The paper refers to an anonymous report which claims "the police know the identity of the murderer, because he was unmasked and failed to disengage the video cameras over the house door. On Sunday, it was assumed that, given this unprofessionalism, the executioner has probably already been done away with by his bosses."

The paper prints an interview from 2005, in which Politkovskaya talks about her work in Chechnya. "Of course I am not alone. I have informants, who tell me what's going on in situ. And I feel responsible for these people. Sometimes it's fatal to be an informant for me. And I don't say that lightly. I wrote an article about corruption among pro-Moscow bureaucrats in Chechnya. The government immediately launched a suit against me and my paper. A few weeks later, I learned that the man who was supposed to testify for me in court had died. So again: people are really paying with their lives."

Eduard Steiner illustrates the working conditions of journalists in Russia with a joke. "Hitler and Napoleon are watching a military parade on Red Square. Hitler says, 'With those missiles, I would have won the war.' 'And with this press, the world would never have heard about Waterloo,' says the little Frenchman after reading Pravda." And in a portrait of the 48 year old journalist, Steiner writes, "Her genre was investigative journalism and reporting. And she did the truly unthinkable: out of conviction that misery is not just an anonymous general phenomena, but rather something that is caused by particular individuals, she named names. That's the point beyond which danger in Putin's Russia becomes deadly. It's not the criticism itself that is dangerous, what's dangerous is the violation of anonymity."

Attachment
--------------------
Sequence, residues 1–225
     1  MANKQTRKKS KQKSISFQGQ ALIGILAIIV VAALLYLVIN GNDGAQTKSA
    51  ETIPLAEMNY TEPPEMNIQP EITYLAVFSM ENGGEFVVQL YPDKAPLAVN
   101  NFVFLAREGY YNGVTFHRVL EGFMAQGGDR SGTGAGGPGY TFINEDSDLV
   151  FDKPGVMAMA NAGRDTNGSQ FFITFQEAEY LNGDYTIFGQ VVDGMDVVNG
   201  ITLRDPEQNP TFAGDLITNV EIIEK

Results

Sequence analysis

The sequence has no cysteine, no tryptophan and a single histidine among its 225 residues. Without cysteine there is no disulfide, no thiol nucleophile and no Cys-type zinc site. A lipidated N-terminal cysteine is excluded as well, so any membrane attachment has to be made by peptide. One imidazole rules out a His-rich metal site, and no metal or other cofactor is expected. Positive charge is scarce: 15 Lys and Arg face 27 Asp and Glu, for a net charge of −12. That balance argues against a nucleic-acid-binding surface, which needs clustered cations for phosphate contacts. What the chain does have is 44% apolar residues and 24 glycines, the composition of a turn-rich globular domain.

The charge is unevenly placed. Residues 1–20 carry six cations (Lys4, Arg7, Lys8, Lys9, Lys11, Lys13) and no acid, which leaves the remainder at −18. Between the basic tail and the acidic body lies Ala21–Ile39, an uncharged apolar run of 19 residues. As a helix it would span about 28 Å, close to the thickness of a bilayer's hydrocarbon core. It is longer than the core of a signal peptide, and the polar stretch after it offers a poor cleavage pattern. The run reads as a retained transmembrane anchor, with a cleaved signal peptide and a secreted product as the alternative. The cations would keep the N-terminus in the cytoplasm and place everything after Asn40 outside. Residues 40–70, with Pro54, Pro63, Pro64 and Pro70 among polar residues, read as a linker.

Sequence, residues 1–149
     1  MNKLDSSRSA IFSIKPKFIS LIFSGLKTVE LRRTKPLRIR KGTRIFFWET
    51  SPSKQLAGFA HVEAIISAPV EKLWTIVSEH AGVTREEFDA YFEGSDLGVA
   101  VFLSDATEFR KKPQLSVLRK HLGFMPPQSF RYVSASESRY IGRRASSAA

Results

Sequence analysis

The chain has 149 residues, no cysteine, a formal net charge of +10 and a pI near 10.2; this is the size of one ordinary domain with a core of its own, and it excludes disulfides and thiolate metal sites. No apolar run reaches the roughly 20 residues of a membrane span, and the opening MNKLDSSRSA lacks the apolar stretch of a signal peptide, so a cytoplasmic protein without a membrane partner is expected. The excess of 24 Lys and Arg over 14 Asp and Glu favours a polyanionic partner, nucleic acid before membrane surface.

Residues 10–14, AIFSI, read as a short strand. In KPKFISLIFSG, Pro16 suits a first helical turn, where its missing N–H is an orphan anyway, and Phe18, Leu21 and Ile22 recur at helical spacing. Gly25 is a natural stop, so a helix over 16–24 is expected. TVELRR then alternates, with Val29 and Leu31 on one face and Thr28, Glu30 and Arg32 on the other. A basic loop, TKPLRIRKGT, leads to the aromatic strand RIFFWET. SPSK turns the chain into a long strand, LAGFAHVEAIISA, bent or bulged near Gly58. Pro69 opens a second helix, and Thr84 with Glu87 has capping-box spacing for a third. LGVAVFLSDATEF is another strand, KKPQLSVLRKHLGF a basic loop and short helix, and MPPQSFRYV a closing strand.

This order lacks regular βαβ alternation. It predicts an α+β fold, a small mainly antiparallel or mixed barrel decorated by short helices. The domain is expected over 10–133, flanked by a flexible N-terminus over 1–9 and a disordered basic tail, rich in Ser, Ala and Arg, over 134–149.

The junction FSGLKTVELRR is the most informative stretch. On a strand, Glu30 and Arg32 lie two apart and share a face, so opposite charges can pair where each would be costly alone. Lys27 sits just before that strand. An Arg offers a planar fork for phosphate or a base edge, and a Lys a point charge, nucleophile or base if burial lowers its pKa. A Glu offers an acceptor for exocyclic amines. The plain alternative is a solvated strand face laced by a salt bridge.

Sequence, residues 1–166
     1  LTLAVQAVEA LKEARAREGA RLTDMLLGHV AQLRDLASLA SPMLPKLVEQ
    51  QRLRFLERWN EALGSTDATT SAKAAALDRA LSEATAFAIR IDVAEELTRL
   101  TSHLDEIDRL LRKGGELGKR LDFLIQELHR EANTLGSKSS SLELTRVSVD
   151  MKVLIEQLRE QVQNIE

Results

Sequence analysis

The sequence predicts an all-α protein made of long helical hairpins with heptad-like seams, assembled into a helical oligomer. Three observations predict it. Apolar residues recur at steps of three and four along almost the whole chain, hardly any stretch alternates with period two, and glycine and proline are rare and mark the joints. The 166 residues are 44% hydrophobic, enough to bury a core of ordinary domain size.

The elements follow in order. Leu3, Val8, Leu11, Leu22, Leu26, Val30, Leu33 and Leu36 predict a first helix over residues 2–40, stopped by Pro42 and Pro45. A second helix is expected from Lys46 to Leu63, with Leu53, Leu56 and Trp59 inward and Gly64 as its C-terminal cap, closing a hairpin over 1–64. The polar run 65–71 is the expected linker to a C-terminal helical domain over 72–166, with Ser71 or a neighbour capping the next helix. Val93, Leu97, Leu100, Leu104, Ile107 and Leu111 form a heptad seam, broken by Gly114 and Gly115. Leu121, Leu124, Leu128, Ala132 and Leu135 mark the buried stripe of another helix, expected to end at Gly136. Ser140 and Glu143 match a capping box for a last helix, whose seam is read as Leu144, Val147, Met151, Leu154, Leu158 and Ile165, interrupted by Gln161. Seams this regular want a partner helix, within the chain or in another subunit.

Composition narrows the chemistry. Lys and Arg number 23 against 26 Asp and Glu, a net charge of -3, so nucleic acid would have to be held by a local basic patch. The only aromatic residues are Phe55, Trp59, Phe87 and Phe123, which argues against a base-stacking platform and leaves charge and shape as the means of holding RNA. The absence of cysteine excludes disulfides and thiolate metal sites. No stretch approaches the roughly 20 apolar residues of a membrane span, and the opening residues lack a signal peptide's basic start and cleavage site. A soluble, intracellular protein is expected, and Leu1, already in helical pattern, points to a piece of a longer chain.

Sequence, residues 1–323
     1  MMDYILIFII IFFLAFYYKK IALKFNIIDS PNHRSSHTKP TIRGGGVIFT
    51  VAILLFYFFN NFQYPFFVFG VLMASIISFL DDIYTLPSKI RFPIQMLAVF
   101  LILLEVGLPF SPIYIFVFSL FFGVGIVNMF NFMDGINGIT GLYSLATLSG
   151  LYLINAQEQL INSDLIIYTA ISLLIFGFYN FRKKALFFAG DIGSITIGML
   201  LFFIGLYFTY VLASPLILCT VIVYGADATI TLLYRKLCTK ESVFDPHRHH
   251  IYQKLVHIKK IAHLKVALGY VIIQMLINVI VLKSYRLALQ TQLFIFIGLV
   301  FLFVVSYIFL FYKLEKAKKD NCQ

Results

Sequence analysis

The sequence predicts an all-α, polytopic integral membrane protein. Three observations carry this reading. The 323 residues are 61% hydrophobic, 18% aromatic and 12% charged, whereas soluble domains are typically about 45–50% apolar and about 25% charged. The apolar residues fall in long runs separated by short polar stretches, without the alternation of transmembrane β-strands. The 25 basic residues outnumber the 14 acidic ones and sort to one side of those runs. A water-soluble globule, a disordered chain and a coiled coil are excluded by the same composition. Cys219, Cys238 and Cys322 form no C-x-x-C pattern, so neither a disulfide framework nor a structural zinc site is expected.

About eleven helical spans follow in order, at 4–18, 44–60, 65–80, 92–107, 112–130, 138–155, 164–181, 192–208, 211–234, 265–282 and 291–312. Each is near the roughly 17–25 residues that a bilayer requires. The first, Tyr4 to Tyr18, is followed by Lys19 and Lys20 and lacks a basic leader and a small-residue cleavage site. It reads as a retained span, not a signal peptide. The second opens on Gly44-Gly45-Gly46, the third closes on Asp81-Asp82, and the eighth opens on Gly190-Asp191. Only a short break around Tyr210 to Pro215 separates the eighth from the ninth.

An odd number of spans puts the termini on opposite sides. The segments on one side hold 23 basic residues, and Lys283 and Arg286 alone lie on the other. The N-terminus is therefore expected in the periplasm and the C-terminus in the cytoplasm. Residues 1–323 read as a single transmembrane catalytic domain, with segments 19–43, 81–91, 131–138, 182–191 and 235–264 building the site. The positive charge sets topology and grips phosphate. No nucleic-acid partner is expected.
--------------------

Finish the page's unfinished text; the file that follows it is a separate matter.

Der Tagesspiegel 09.10.2006

On Tuesday, Vladimir Putin will be meeting with Angela Merkel in Germany. Claudia von Salzen writes there's going to be lots to explain. Good cooperation with Russia is important for Germany but "a dialogue in which all criticism falls prey to self-censorship is worth nothing. The murder of Anna Politkovskaya has to be brought up at the meeting in Dresden – as well as the climate of intimidation in Russia, which made the deed possible in the first place."


In other stories...

Die Welt 09.10.2006

Eckhard Fuhr writes on Günter Grass' appearance at the Frankfurt Book Fair, which ended on Sunday. In a discussion with Giovanni di Lorenzo, the chief editor of Die Zeit, Grass accused Frank Schirrmacher (co-publisher and cultural editor of the Frankfurter Allgemeine Zeitung), of "sensationalising his SS 'confession' (more here). But he, Grass, in fact 'confessed' nothing in the interview in the FAZ that set off the journalistic earthquake. Everything is written in his book 'Beim Häuten der Zwiebel' (peeling the onion), which the Republic's literary critics could have read for months. The attempts by di Lorenzo to dissuade Grass from massacring his respected FAZ colleague on sovereign Zeit territory, were for nought. Grass wants to sink in his teeth."


Saturday October 7, 2006

Die Tageszeitung 07.10.2006